THOUGH ONE of the most celebrated and influential poets of their generation, Andrea Gibson’s starkly observant and deeply humanistic writing has flown beneath the radar of popular culture long enough now to have accrued a mythology among poets, songwriters and storytellers worldwide.
Emerging from the late ‘90s spoken word milieu, Gibson is an award-winning spoken word artist and activist whose topics meditate widely on the conundrum of life, love, loss and renewal while seating gender norms, social reform, identity and the struggles of the LGBQT+ community down front and center.
For over two decades, Gibson has been providing the world with exacting and vulnerable poetry that does not shirk from raw truth nor deep compassion.
Their newest and fourth collection of poems “Lord of the Butterflies” and their seventh spoken word album “Hey Galaxy” are a righteous continuance of the established oeuvre of truth, hope, and redemption.
Joining Gibson on the bill, a first of two poets headlining a rock club on a Saturday night in Savannah, is poet Buddy Wakefield, also widely known for keen and trenchant commentary.
Gibson graciously came through with an excellent Q&A ahead of the show.
What does poetry allow us that the side of a cereal box cannot?
The sweetness inside is actually nutritious.
What did poetry discover for you?
That rightness is boring. That the questions are the answers. That we can only go where we can first imagine going. That even when the truth isn’t hopeful, the telling of it is.
Was there ever a particular no-looking-back moment for you as a poet?
My first National Poetry Slam. I watched a poet named Shane Koyczan read a poem titled “Beethoven” and it was, at the time, the most moving thing I had ever witnessed. Nothing was the same for me after that. I wanted to break all over the place for that kind of beauty, and never stop.
Was there an essential thing that confirmed your voice, brought you from then to now?
It was never confirmed. That’s probably why I’m still writing. I’m still searching for it. Still listening for it. Still trying to find it beneath the distractions of all that is unreal. Still trying to find something truly true.
Where do we find the necessity of identity, what yearns us toward us?
My relationship to “identity” has changed for me a lot this year, as I’m trying to listen more and more for the voice that lives beneath my personality. My personality, I know, is like dust on the surface of who I really am, and I’m interested in who I really am, and by that I mean the me who will remain after I die.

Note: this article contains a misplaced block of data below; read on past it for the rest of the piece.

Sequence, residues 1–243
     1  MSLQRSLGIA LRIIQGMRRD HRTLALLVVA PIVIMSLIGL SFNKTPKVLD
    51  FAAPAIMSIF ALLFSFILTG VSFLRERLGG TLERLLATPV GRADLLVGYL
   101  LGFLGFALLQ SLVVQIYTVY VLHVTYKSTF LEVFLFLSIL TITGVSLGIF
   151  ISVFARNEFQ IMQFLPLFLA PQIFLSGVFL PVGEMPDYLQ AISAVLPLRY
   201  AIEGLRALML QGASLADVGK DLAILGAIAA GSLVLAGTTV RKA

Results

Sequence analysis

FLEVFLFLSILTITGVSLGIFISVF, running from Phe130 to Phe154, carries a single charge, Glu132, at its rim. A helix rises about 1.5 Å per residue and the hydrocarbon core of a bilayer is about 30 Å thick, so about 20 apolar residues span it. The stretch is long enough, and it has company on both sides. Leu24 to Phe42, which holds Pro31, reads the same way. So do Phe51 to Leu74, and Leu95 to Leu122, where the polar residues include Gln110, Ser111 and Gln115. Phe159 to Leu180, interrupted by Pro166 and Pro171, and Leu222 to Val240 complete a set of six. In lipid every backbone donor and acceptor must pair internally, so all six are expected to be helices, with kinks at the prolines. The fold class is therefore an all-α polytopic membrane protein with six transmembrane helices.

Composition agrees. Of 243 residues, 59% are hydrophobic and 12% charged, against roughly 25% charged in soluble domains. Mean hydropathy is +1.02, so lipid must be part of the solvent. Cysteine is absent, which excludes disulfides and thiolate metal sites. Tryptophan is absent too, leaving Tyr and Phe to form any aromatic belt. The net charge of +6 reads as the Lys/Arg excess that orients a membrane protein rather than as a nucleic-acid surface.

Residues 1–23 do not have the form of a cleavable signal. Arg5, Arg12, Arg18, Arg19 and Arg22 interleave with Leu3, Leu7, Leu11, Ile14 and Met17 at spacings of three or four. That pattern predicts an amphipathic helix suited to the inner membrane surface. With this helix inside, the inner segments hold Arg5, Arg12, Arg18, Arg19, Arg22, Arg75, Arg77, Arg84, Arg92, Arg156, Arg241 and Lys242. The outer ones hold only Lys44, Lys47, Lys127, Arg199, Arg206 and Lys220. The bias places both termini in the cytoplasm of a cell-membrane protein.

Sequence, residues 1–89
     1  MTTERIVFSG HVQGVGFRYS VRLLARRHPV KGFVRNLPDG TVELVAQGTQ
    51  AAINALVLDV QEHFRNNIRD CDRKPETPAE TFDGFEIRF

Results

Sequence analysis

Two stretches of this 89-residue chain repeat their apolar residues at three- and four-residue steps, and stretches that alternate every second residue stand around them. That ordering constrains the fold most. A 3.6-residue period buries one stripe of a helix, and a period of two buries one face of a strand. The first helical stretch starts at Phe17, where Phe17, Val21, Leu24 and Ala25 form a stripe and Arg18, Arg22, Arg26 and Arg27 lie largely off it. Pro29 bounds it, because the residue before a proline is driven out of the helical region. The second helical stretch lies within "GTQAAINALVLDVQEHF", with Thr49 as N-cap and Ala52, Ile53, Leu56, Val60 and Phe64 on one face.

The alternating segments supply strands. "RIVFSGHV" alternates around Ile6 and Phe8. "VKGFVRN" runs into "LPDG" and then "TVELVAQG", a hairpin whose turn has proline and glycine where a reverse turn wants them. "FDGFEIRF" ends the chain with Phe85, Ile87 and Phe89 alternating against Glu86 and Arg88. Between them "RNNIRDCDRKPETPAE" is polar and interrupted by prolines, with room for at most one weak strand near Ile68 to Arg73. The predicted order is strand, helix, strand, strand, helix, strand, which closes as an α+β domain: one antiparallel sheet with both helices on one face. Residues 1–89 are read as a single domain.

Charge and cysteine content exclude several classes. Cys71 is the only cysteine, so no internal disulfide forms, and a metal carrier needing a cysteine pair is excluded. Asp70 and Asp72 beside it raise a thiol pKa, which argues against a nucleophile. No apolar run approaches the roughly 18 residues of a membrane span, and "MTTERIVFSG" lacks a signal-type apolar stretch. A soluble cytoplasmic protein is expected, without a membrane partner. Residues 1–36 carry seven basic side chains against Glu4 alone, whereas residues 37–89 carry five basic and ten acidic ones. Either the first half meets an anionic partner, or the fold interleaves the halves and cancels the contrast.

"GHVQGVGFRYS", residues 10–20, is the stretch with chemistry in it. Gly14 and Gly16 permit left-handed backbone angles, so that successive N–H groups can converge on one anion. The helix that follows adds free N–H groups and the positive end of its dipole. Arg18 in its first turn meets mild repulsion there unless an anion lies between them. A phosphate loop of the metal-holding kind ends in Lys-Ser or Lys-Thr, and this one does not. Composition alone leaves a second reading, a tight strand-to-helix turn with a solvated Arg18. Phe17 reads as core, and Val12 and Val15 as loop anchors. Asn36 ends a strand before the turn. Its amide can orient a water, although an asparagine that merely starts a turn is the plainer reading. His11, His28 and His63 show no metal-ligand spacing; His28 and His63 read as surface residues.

So when I write these days I think “Would dead-me say this?” And if dead-me wouldn’t say it I throw the poem away and start again.
In regards to queerness though---specifically my gender-queerness-- it does make me smile to imagine that’s the part of me that is most inline with the eternal me. ALL that said, I’m whole-heartedly in touch with how much my “identity” has been the source of many of my most impactful connections over the years. It has shaped my life in almost every way, and I won’t and don’t want to escape the blunt fact of this world while I’m here.
In poetry, the personal and political may come served on the same plate. Are they from the same kitchen?
I generally wish the word “political” would cease to exist. We are never talking about politics when we talk about politics and I notice the word itself making our hearts lazy.
It is always the personal we are talking about. How our lives connect to the lives of others and how all of our lives are equally gigantic. The politics of politics suggest it’s OK to debate the value of lives, but that has never been OK. That has never been sane part of our culture.
So activism and art share borders?
The act of simply creating is activism in a world that is addicted to destruction. We’ve become the nuts and bolts of the war machine in more ways than we can pinpoint in any given moment, but to venture into a creative space is to break free from that at least temporarily.
Spoken word poetry takes an additional step in that it is very often a rally cry for immediate direct action. It doesn’t tip-toe around what desperately needs changing, and I’ve personally been compelled towards real-life actions many times because of poems I’ve heard or read.
In that sense, where does Lord of the Butterflies pick up where previous work leaves off?
My subject matter hasn’t changed much over the years. What’s changed is my lens, and in what direction I’m looking. In my early books I did a lot of pointing outwards. These days it feels more constructive to point inwards.
You released three spoken word albums between 2003 and 2006 before releasing your first printed collection of poems, Pole Dancing to Gospel Hymns in 2008. Since then, have you seen progress in the print world with getting more stage poets to the page?
Some of the best "page poets" in the world right now are spoken word artists. That's been the case for a long time, but I do notice a positive shift in that being acknowledged on a greater scale.
I don’t think it’s difficult for great spoken word artists to find a way to have their work live beautifully on the page. What I think is more difficult is teaching a “page poet” to read a poem out loud in a way that is emotionally resonant.
Is there a name for the poem that you knew would lead to the rest of your life?
I SING THE BODY ELECTRIC, ESPECIALLY WHEN MY POWER IS OUT.
You’ve just condensed a screenplay from the ongoing autobiography of Buddy Wakefield. Elevator pitch for Buddy Wakefield?
Buddy Wakefield, thank goodness, was torn from the Bible the day it was burned for that verse about dancing to tambourines.